Members of the South African National Defence Force (SANDF) keep watch during the lockdown in Soweto. Picture: Siphiwe Sibeko/Reuters
Members of the South African National Defence Force (SANDF) keep watch during the lockdown in Soweto. Picture: Siphiwe Sibeko/Reuters

Government's appeal against lockdown regulations judgment is 'surprising'

By Zelda Venter Time of article published Jun 6, 2020

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Pretoria - The lawyer who represented Liberty Fighters Network (LFN) - the group which scored a victory when it had some of the lockdown regulations declared invalid this week - said he was surprised by the fact that the government wanted to appeal the judgment.

Zahir Omar yesterday said he had not yet received anything official from the government, thus did not know what the grounds for appeal would be.

“The first I knew about it was when I read it in the media,” he said.

Government has two weeks grace from the date of the judgment to note their intention to ask for leave to appeal. “Until they note their intention to appeal, the judgment stands.”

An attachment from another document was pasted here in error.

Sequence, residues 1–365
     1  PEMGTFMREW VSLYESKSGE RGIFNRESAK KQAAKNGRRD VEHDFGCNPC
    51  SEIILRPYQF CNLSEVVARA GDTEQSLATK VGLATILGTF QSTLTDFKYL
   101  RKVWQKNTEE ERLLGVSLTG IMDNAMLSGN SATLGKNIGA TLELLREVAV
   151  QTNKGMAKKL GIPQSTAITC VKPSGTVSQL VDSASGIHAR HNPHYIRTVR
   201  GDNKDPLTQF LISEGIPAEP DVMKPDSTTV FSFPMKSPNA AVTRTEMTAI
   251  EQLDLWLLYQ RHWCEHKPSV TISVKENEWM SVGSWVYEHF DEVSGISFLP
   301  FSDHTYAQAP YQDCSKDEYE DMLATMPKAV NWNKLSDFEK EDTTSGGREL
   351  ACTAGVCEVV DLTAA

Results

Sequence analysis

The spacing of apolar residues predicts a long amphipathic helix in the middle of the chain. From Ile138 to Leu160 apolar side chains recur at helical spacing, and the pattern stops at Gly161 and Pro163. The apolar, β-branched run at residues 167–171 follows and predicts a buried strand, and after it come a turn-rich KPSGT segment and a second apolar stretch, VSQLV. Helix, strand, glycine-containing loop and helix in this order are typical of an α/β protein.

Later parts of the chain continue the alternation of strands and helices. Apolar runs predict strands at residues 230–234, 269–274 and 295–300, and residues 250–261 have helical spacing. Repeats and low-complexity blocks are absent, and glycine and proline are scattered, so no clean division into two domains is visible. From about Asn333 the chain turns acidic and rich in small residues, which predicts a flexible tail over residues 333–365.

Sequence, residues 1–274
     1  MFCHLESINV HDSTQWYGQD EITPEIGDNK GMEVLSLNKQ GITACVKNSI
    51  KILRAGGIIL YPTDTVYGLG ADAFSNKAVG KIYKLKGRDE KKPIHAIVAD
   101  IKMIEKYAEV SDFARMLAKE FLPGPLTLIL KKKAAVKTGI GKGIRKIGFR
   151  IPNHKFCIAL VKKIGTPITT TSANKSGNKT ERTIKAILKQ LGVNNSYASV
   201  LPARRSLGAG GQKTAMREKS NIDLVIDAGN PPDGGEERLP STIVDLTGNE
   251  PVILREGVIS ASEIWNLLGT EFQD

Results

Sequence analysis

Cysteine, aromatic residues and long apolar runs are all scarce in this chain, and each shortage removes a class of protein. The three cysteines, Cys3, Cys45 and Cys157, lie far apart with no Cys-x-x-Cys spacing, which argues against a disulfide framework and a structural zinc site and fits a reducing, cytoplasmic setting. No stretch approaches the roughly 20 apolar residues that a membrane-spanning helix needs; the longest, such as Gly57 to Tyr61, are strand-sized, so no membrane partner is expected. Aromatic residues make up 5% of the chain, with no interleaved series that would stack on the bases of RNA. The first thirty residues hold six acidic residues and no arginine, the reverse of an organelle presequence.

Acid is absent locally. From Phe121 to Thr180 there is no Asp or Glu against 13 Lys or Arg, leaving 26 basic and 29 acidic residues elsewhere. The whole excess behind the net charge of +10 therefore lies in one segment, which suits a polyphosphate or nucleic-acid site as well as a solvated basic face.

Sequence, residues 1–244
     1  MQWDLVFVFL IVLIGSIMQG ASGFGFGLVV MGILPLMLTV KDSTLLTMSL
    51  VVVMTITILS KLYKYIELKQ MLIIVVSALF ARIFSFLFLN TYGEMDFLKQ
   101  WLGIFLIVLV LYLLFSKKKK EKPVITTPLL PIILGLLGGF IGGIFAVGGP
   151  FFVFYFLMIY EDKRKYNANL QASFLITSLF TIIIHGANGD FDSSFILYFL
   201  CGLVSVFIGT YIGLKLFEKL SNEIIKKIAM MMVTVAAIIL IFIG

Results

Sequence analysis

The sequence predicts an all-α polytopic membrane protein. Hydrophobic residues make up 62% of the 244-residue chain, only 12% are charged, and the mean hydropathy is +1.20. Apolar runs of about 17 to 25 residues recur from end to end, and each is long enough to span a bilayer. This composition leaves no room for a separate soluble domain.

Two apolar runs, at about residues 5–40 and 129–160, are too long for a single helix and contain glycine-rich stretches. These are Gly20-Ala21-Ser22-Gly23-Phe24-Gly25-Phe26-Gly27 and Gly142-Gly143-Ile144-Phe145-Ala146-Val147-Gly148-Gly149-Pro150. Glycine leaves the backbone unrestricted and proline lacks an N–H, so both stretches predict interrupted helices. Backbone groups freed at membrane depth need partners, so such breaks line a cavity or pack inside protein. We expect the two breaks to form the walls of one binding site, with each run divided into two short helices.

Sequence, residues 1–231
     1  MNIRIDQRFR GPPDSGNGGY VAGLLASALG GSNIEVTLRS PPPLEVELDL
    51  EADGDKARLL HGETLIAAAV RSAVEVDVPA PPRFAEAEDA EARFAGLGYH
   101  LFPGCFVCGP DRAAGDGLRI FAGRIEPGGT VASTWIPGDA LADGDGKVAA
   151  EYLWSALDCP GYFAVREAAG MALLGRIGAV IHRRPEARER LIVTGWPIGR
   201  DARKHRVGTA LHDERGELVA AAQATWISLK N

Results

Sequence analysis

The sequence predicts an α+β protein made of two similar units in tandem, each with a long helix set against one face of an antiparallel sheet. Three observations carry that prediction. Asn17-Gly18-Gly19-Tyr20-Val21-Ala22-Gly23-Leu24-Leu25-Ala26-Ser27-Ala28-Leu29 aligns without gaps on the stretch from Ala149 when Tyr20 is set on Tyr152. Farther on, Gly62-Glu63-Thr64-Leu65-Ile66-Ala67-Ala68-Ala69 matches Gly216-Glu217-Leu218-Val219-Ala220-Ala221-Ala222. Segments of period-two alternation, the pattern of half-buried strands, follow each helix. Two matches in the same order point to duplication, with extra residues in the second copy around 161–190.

The North Gauteng High Court, Pretoria, found "some of the regulations promulgated by the government simply did not meet the rationality test in preventing the spread of Covid-19".

Omar said one would expect a responsible government to go back to Parliament to look at the regulations in the Disaster Management Act which were found to be problematic and to amend those.

He said it was worrisome that the government had “too much power” and had become “too confident”, and called on citizens to stand together to make their objections heard.

“They must know that I am ready to oppose any application for leave to appeal,” he said.

LFN head Reyno de Beer, who presented his case in person to the court in Pretoria, could not be reached for comment yesterday. However, earlier he said that he would be surprised if the government did appeal the judgment.

"That would be a slap in the face of South Africans. The African Union and the United Nations are now aware that the lockdown regulations are an infringement of our human rights and their eyes will be on us,” De Beer said shortly after the judgment.

Following a cabinet meeting on Thursday, government announced that it would urgently seek leave to appeal.

It is, however, not expected to be heard immediately the applicants still have to be notified of the grounds of appeal and they will have to be given time to cite their opposition to it.

Minister in the Presidency Jackson Mthembu said the Cabinet had decided to appeal “so that all of us can obtain certainty on the regulations”.

Judge Norman Davis gave the government 14 days to amend the regulations for level 4 and 3 of lockdown he found to be irrational.

Pretoria News

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